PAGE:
Interstitial Cystitis clinical trials at UC Health
3 in progress, 1 open to eligible people
open to eligible people ages 18 years and up
The Multidisciplinary Approach to the Study of Chronic Pelvic Pain (MAPP) Research Network has been established by the National Institute of Diabetes and Digestive and Kidney Diseases (NIDDK) of the National Institutes of Health (NIH) to focus on a broader approach to the study of Interstitial Cystitis (IC)/ Bladder Pain Syndrome (BPS) in men and women, and Chronic Prostatitis (CP)/Chronic Pelvic Pain Syndrome (CPPS) in men, than previously undertaken. Patients with IC or CP are being recruited for a new study called the "Trans-MAPP Study of Urologic Chronic Pelvic Pain: Symptom Patterns Study (SPS). This research study will recruit Control Participants to better understand the symptoms of individuals with some form of IC or CP. As with many chronic pain disorders, IC and CP are poorly understood, and treatment is often not helpful. The goal of this study is to better understand how pain is felt in people with IC or CP and the investigators hope that this study will lead to improvement in the treatment of IC and CP.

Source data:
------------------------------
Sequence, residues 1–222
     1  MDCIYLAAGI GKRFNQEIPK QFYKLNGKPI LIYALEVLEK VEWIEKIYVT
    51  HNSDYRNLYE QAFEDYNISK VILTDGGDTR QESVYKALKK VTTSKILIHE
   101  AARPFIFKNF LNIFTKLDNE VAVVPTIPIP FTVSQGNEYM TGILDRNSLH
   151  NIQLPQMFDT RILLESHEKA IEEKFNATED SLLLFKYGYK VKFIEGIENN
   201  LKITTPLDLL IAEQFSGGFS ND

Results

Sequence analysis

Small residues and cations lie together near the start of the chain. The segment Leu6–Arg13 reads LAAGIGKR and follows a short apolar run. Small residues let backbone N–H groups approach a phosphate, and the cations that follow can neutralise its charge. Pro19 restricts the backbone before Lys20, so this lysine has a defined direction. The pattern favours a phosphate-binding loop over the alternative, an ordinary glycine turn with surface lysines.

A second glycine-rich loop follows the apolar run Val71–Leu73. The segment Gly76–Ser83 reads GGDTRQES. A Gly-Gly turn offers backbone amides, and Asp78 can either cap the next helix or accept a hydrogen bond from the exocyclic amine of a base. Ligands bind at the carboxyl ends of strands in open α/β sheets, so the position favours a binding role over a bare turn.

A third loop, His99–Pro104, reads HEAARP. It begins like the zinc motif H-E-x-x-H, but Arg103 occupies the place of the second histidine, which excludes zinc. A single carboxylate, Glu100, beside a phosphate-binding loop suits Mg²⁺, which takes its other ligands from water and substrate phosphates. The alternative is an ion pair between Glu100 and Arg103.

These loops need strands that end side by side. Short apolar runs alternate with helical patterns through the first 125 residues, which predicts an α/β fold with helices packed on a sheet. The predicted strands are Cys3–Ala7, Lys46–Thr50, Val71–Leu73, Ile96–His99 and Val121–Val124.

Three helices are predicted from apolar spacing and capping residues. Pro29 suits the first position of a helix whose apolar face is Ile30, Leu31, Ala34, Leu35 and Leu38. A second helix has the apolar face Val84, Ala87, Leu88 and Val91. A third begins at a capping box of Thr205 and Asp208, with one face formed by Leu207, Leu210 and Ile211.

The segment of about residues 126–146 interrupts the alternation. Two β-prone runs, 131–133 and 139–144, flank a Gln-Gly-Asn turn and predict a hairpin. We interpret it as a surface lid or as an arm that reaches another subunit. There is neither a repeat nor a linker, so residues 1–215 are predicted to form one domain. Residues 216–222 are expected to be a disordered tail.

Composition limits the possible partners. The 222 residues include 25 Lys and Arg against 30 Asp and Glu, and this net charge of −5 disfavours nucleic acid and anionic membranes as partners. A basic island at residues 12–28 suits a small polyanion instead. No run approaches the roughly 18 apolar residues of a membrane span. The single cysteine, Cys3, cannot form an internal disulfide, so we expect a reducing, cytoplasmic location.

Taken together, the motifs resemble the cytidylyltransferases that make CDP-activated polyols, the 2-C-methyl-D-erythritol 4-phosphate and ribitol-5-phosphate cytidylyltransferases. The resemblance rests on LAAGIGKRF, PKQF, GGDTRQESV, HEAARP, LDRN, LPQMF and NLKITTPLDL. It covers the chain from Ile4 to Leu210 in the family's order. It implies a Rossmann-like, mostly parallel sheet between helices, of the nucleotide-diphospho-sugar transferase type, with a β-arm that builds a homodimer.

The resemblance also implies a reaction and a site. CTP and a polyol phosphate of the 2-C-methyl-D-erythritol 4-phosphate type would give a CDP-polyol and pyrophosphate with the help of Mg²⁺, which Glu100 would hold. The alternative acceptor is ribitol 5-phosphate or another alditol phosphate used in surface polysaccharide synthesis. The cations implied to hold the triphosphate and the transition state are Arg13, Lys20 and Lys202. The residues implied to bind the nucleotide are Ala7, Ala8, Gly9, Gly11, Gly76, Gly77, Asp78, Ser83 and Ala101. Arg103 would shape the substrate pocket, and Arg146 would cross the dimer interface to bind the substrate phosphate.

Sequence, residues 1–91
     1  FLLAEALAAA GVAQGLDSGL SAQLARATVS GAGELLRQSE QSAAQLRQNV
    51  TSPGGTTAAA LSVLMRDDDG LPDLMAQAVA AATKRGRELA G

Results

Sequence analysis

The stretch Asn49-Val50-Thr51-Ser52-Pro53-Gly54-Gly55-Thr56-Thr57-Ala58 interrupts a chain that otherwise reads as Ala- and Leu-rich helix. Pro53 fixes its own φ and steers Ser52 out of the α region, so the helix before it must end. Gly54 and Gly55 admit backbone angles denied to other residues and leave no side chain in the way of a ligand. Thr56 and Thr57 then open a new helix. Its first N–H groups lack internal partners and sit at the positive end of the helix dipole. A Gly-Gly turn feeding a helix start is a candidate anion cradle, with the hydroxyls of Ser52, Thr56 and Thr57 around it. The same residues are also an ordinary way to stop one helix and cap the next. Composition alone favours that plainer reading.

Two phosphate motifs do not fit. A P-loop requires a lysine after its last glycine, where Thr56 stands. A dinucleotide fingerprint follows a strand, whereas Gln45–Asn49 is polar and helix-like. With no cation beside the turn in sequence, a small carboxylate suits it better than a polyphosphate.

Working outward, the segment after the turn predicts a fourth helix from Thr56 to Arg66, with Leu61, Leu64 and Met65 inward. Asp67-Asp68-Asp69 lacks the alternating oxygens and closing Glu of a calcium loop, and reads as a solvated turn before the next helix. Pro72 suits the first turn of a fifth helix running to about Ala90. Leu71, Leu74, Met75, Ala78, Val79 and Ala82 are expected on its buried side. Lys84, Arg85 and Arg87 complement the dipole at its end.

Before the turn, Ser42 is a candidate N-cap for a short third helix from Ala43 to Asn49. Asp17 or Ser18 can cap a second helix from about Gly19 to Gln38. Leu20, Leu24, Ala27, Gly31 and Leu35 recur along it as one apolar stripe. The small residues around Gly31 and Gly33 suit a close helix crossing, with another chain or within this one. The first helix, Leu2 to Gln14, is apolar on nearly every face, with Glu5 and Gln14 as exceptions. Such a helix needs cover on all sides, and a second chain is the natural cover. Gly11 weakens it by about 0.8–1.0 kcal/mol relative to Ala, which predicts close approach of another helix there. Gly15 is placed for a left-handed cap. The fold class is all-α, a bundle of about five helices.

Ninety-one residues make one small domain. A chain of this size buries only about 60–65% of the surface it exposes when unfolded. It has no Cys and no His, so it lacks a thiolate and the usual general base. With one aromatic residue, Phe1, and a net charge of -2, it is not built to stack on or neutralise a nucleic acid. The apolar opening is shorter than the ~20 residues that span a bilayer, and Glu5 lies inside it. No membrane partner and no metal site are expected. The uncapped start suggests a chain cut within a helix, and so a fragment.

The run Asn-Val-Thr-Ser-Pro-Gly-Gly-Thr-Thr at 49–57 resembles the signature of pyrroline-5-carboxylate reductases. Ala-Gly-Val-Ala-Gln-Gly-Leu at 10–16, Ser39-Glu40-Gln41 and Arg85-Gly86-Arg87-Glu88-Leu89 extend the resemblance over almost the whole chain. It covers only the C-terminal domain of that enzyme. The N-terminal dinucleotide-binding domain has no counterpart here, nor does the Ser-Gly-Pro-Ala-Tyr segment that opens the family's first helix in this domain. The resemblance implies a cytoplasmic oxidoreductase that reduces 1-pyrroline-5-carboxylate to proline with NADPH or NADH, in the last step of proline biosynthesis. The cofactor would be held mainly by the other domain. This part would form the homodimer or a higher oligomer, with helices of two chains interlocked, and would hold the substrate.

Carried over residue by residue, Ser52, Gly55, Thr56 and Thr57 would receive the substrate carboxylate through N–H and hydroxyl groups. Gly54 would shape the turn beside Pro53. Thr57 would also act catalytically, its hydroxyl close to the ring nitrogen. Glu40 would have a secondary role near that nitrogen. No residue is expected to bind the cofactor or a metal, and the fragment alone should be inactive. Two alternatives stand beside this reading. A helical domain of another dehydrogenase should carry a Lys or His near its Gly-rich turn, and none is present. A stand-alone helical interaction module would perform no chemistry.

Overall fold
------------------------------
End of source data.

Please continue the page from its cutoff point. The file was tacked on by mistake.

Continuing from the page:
Sorry, in progress, not accepting new patients
This study is the second phase of the MAPP Network and is designed to conduct a prospective, observational study of men and women with UCPPS, referred to as the Symptom Patterns Study (SPS), enriched with pre-defined subgroups, with longer follow-up, in order to further investigate clinical and biologic factors associated with worsening and/or improvement of reported urinary and non-urinary symptoms.
Sorry, not yet accepting patients
Vestibulodynia (VBD) is a complex chronic vulvar pain condition that impairs the psychological, physical, and sexual health of 1 in 6 reproductive aged women in the United States. Here, the investigators plan to conduct a randomized, double-blinded, placebo-controlled clinical trial to 1) compare the efficacy of peripheral (lidocaine/estradiol cream), centrally-targeted (nortriptyline), and combined treatments in alleviating pain and improving patient-reported outcomes and 2) determine cytokine and microRNA biomarkers that predict treatment response in women with distinct VBD subtypes. Positive findings from this study will readily translate to improved patient care, permitting the millions of women with VBD, their partners, and their clinicians to make more informed decisions about pain management.